a commonplace book
People, and women, are capable of genuinely consenting to things you don’t approve of. It doesn’t have to be ‘good’ to be genuine.
Brienne of Snarth (@femme_esq) in a tweet from July 29, 2015
The tweet struck me as summing up a thought that had kept recurring to me, particularly in terms of being irritated at ideological discourse concerning homosexuality. While, as a Christian, I am compelled not to approve of homosexual behavior, I am also compelled to view a given person–homosexual or whatever–as a whole, complex, emotional, influenced human being. Just like me.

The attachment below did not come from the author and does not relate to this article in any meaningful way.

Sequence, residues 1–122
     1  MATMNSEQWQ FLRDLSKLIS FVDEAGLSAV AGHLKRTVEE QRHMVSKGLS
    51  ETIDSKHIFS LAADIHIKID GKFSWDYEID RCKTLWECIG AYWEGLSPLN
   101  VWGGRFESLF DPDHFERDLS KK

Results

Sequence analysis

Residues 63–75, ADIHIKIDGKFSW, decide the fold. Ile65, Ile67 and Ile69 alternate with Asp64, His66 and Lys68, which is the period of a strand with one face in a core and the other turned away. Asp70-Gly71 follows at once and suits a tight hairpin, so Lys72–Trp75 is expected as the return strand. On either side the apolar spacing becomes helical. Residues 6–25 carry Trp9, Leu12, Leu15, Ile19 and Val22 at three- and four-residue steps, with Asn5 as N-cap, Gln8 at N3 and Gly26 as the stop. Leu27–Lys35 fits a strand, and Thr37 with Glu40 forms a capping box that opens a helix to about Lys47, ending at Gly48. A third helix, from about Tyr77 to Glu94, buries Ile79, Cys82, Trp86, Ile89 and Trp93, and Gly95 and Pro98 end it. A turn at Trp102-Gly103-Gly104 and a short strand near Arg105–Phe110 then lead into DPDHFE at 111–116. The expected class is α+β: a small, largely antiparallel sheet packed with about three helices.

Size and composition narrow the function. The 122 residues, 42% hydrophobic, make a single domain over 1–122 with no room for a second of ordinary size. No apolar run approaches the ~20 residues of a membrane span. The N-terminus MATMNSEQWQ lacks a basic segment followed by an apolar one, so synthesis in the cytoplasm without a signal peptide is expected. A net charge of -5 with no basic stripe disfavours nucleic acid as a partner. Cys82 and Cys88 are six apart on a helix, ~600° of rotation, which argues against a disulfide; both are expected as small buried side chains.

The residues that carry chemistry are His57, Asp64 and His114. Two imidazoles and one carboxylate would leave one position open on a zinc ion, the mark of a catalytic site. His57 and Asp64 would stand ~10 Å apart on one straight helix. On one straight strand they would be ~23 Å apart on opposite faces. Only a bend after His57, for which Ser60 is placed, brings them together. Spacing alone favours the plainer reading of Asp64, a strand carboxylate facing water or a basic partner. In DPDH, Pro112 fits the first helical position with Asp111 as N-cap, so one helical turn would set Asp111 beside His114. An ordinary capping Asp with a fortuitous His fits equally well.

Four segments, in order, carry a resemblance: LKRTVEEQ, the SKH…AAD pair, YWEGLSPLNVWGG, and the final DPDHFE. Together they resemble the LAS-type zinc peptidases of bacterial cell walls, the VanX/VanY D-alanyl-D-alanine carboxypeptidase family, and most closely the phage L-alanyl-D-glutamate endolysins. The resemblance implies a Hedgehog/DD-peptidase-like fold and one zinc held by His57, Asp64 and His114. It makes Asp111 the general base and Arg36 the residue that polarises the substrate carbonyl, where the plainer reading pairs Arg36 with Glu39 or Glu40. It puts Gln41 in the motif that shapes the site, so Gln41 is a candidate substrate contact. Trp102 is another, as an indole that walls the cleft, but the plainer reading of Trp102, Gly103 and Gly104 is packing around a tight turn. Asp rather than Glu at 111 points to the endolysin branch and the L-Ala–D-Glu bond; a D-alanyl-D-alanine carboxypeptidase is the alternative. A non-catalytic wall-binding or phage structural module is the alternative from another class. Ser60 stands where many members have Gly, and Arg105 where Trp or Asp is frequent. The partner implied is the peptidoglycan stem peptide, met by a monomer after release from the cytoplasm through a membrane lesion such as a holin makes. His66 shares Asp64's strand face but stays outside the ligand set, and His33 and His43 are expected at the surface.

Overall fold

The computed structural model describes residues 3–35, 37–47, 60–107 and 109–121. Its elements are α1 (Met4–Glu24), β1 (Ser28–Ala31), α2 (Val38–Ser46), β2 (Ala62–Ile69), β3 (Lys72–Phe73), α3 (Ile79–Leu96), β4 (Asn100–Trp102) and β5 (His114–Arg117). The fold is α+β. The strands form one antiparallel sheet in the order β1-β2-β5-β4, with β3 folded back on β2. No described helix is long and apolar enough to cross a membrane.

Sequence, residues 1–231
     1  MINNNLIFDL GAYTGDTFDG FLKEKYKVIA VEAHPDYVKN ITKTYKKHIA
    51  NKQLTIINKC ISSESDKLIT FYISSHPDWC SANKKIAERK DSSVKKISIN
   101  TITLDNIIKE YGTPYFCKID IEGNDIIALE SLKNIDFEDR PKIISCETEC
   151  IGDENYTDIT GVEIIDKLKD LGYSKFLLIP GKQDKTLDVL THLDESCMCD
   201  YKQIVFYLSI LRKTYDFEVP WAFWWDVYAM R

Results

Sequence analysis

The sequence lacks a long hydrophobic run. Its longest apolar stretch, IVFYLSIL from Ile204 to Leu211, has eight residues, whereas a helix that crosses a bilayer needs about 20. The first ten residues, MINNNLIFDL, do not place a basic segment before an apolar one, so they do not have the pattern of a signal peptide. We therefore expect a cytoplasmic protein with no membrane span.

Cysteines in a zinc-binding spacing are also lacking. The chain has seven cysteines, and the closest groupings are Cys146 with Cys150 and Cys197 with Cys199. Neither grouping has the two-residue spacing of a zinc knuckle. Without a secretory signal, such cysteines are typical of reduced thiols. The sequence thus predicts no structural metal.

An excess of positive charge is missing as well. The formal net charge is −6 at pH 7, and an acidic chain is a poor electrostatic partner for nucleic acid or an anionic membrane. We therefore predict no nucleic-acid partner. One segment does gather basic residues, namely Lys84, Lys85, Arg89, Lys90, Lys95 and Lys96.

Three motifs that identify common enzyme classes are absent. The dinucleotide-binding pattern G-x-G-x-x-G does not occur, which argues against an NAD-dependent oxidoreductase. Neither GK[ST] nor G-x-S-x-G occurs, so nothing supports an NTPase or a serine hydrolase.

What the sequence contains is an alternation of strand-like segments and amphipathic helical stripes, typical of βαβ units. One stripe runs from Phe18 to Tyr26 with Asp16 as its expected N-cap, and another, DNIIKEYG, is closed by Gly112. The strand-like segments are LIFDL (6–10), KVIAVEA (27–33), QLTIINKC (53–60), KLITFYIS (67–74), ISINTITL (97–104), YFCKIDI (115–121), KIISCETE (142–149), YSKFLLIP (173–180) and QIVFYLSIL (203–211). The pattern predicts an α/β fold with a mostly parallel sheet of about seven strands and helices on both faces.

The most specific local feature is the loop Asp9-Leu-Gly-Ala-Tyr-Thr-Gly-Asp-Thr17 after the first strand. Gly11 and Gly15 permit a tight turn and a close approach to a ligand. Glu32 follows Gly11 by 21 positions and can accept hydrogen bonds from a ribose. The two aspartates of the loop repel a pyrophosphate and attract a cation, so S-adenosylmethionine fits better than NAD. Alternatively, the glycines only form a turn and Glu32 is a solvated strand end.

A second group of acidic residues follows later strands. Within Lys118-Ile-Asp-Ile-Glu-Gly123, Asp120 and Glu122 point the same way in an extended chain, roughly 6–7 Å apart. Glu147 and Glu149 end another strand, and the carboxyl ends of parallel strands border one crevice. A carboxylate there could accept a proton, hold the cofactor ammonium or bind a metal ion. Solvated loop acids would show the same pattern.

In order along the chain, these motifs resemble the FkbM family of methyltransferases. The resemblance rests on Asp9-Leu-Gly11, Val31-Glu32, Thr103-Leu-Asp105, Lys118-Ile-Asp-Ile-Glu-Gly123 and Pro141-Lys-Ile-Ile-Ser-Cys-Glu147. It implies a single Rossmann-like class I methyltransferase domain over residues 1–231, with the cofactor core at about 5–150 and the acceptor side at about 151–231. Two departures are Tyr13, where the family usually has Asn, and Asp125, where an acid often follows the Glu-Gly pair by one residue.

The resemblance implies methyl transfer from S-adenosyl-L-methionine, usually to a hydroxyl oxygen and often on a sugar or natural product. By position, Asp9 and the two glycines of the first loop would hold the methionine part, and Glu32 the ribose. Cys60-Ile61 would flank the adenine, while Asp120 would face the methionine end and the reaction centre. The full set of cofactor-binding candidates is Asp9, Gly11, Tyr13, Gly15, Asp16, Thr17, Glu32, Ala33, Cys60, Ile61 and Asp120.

The tweet’s second sentence is particularly what hit me. Yes, there are millions (billions? Who’s to say?) of “genuine” people in the world who do thing that others find repulsive or just wrong but with what to them are good intentions. While this doesn’t necessarily absolve people, it’s not a fact that I can dispose of, particularly in the way that I perceive them and talk about them. It seems to me to result in a compulsion to a certain mindful compassion. An opposing reaction to this may be that primacy of law, which, while I cannot argue against the primacy itself, nevertheless abstracts people in terms of that law, which means a black-and-white evaluation of people as right or wrong; further, this evaluation is usually imperfect, seeing as some people end up being, practically, more black/white than others.